Water flowing downwards over smooth surfaces can flow without eddies or meanders - little friction.
Water flowing is subject to friction. Friction slows the water down at the sides whereas the middle water overtakes.
The water corkscrews down a spiralling path of the thalweg. Develops meanders.
Rare as helicoidal flow is usually dominant.
Most rivers meander. Meanders usually occur downstream. Caused by spiralling of water. Not caused by large obstacles.
Contain a large number of islands and bars. Where discharge varies a lot. Often in glacial outwash streams. Discharge decreases allowing sediment to deposit, then when water discharge increase the river splits either side of the sediment - constantly changing.
The measure of how bendy a river is.
Found mainly in the upper course of the river; turbulent flow causes circular eddy currents in the bed which causes the pebbles to rotate. The resultant abrasion drills cylindrical holes into the river bed.
Found mainly in the upper course of the river; band of resistant rock underlying the bed which is incompletely worn down, causing highly turbulent flow which gives white water waves.
Found mainly in the upper course of rivers; where water plunges over the edge of a plateau, where a band of resistant rock lies across the bed of a river. The resistant rock is undercut by erosion of the less resistant rock which underlies it, especially through cavitation creating a deep plunge pool.
Middle and lower course of the river. The thalweg flows between pools in straight sections of a river, and starts to erode the outside of the bend. Hydraulic action and abrasion undercut the outer bank, creating a river cliff. Helicoidal flow results in eroded sediment being trainsferred to the inside of the bend forming a slip off slope from a point bar.
A river feature consisting of islands of sediment deposited in the river channel in its middle course.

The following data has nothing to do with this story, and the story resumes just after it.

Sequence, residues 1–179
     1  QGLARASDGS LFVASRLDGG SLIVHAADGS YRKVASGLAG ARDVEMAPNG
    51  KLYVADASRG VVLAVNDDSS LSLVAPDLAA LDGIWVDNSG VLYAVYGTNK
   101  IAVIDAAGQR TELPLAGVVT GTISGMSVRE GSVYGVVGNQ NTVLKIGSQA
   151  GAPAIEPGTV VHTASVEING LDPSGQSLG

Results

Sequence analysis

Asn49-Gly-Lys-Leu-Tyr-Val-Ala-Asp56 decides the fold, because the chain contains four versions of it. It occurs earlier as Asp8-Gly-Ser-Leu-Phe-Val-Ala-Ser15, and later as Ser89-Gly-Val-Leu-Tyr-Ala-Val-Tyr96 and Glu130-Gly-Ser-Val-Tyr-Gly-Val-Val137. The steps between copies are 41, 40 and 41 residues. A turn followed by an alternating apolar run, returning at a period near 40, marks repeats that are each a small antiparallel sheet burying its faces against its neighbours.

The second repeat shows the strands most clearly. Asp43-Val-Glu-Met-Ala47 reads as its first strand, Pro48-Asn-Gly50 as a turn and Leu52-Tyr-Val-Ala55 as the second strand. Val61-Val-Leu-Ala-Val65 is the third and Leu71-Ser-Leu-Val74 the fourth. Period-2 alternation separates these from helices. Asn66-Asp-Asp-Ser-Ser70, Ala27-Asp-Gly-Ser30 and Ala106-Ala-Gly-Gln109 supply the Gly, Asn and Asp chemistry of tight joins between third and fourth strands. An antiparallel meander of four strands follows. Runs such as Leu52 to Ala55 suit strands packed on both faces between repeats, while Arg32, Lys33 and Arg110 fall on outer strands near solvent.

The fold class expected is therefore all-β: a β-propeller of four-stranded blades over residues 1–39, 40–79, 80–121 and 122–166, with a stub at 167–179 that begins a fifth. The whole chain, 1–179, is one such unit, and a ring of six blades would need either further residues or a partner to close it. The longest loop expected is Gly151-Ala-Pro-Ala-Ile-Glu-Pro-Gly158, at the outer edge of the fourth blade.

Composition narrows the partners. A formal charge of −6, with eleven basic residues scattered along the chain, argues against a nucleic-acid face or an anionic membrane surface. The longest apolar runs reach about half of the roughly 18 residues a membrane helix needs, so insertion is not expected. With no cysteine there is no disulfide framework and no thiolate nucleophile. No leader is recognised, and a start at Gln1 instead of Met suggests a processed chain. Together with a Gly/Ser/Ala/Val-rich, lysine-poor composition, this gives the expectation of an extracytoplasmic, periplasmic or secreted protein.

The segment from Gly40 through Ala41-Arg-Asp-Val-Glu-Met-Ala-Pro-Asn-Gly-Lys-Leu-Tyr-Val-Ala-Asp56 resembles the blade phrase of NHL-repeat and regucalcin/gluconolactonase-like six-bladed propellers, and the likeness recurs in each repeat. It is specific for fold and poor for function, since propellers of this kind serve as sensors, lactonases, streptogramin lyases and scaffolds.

Flat land near the edges of rivers formed by mud and silt deposited by floods
Deposits of sand and soil at the mouth of a river. Lower competence.
Fan shaped. (Nile) form when the salinity of the sea is lower, making the river water of similar density.
Bird's foot delta
(Mississippi) form when the sea is extra saline and fresh water carries alluvium further out to sea.
(Tiber) Form where there is a stronger element of longshore drift to pull sediment littorally.
Valley Cross Profiles
In the upper course, where the valley is narrow and steeply V-shaped.
A graph showing the relationship between river velocities and erosion, deposition and transportation
The picking up or sediment by the water.
Pools and riffles
Pools - where the channel bed is eroded more quickly due to softer rock causing deeper, faster flow.
Riffles - More resistant rock + rough channel bed.
Operate together as a simple mechanism to regulate the channel's flow.
Widens and deepens a river channel, altering the shape of the channel. Increasing the capacity and subsequently the efficiency.
This is a type of soft engineering technique. The local council examine the flood risks in different areas and prevent buildings in theses areas (e.g. on a flood plain). This can aggravate the problem of housing shortage but lessens surface run off.
Planting trees to increase interception while reducing surface run off.
Creating conditions that are favourable for the development of wetlands.
Restoring a river that has undergone hard engineering back to its original course.
Sets found in the same folder
CIE A Level Geography Hydrology.
AS Level Geography : Migration
CIE A Level Geography Atmosphere.
population cie geography a level
Sets with similar terms
Chapter 1: The Flow of Fresh Water
Unit 4 - Catchment Hydrology - The Drainage Basin…
Cambridge International A-Level Geography - Rivers
Other sets by this creator
To all my sons
To all my sons
Death and the King's Horseman lines
Other Quizlet sets
Gaby Moss AP Government Flashcards
bio 192 flashcards
Chapter 10 Test -True and False
Cardiology Exam III
Most commonly found item during beach cleanups?
True/False: Permablity refers to characteristics of the rick that enable water to flow through pores/voids. Soils with little or no voids such as clay and slit are defined as "tight soils"
How are warm fronts and cold fronts different?
The flood of the Big Thompson River in Boulder County, Colorado, in 1976 was caused by